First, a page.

Meditation Helps MS and Neuropathy Pain

Mindfulness meditation has been shown to significantly reduce chronic pain in diseases like neuropathy and multiple sclerosis.

By Shiraz Abbas

A 2011 study published in the Journal of Pain performed MRI scans on patients with experimentally induced pain. Within the next few days, a meditation instructor taught the volunteers in the study how to meditate. On the last day, researchers scanned the brains of this group, once while meditating and once while not meditating all the while pain was being induced. The study found that there was a 40% reduction in pain intensity during meditation in contrast to their non-meditation state.

In another study, two months of meditation was shown to reduce both multiple sclerosis and neuropathy pain compared to a control group that had both of these diseases. Not only that, but there was significant improvement with patients who have inflammatory neuropathy which is characteristic of CIDP neuropathy.

Other clinical trials have shown reduction of chronic pain by up to 57% and 90% by accomplished meditators. MRI images show that mindfulness meditation (a type of meditation that focuses the mind on the present, or the “now”) soothes the parts of the brain that are associated with pain and over time, the underlying structure of the brain changes so that pain is no longer felt with the same degree of intensity to the point where some barely even feel it at all. For accomplished meditators, mindfulness meditation works better than prescription pain-killers.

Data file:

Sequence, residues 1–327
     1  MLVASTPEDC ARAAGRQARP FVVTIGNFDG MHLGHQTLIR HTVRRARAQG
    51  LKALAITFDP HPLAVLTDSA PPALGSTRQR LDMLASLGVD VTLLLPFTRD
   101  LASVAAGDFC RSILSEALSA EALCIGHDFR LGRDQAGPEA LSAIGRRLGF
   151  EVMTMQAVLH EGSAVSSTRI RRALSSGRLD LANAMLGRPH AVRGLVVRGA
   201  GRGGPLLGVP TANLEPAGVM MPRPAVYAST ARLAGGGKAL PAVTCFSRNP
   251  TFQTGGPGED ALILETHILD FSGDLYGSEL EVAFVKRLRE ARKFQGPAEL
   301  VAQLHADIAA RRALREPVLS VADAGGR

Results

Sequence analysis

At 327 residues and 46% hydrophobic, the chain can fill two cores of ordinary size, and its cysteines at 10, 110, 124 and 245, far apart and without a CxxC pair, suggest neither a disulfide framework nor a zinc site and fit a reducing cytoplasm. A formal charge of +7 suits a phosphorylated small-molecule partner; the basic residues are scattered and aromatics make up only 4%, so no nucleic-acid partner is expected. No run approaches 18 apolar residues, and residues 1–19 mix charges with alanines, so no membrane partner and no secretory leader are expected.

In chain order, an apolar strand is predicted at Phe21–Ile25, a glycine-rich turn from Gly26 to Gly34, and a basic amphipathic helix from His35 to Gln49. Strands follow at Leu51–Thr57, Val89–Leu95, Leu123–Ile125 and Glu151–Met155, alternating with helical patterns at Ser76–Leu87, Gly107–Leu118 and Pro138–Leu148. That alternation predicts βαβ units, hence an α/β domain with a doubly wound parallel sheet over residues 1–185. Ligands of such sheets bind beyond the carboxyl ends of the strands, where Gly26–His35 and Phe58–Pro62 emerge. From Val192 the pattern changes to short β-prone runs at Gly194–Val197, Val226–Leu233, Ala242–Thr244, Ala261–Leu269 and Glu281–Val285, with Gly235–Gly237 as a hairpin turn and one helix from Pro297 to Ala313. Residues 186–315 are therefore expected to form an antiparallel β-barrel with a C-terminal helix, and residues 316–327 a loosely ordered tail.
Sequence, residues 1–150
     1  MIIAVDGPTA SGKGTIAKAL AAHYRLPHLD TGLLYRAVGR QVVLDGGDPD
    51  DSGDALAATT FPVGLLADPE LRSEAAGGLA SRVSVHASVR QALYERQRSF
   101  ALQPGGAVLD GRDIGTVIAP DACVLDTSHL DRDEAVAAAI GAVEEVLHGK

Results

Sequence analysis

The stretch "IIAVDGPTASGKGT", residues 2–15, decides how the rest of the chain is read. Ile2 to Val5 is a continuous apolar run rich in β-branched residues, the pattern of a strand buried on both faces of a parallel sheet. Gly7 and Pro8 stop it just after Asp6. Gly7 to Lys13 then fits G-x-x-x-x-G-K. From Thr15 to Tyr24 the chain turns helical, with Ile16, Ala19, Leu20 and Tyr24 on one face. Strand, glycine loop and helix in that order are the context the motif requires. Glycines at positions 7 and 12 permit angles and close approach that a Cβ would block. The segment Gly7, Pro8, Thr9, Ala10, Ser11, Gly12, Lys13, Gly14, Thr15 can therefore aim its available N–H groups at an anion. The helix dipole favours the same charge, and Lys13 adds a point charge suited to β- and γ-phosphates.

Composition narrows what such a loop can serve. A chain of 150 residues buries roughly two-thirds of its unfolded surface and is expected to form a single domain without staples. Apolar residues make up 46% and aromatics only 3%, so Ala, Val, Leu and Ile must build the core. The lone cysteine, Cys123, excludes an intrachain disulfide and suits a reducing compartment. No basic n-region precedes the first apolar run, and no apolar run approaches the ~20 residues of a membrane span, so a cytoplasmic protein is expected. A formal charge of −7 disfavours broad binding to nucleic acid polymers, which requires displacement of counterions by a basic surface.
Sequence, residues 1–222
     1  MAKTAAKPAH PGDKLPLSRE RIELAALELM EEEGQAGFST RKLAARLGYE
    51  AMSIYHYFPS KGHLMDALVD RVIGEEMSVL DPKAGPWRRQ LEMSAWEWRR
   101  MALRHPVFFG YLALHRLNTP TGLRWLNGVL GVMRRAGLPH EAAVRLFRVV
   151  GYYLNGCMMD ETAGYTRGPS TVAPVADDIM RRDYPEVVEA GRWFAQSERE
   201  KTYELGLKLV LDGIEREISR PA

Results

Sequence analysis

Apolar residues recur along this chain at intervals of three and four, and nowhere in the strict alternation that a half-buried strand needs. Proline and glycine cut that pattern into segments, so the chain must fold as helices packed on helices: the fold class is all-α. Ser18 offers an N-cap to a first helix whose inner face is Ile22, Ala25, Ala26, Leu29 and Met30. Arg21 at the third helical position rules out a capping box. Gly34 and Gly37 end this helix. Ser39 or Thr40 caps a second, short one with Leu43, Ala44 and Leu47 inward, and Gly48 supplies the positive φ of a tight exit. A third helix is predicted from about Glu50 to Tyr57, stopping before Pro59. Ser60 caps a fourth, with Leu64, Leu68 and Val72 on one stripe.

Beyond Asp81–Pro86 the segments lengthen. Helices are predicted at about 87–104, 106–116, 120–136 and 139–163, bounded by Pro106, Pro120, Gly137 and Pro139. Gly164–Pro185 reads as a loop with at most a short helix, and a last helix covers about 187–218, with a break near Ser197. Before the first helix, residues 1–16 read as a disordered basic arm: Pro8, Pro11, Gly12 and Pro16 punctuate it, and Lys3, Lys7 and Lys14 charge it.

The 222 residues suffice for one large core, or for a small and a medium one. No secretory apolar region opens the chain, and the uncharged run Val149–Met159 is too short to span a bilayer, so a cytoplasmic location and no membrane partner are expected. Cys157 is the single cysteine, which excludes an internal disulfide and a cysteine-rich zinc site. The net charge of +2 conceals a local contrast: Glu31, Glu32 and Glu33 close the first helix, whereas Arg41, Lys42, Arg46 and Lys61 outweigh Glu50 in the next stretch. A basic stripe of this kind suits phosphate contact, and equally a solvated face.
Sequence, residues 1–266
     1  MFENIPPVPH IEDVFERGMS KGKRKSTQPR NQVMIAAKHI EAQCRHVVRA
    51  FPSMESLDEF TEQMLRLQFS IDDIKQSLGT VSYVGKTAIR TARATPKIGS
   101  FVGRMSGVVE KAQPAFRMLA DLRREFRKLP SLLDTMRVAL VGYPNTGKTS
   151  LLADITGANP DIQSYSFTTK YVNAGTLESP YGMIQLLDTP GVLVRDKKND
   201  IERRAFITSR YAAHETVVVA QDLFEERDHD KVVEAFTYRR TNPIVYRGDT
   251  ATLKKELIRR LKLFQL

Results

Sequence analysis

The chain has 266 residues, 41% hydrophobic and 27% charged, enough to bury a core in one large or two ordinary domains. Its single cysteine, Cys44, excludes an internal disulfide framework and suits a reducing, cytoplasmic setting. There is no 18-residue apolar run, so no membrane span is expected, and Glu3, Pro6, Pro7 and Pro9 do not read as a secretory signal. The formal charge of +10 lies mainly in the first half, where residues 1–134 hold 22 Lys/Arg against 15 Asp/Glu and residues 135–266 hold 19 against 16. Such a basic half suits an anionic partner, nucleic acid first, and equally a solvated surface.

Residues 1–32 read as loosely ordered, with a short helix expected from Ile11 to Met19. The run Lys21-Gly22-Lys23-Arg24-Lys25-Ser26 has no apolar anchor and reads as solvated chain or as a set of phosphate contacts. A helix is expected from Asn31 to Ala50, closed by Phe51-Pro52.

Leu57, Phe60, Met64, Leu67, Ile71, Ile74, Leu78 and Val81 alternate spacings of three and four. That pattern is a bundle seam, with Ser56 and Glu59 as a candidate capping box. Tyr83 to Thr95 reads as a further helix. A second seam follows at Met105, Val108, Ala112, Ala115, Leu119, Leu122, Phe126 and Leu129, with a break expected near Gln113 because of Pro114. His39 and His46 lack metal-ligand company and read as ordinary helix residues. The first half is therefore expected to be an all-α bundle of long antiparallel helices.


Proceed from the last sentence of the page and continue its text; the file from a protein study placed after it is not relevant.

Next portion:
If you are suffering from chronic pain like standard peripheral neuropathy, CIDP neuropathy, multiple sclerosis, you may want to try mindfulness meditation as a supplement to your prescription meditation and see if it works for you.

Shiraz Abbas is the founder and manager of the CIDP Neuropathy Support Group. He is also one of the main community educators of IVIG therapy. He resides in Fresno, California. Shiraz can be contacted through our free CIDP advice service at 1-855-782-0574.

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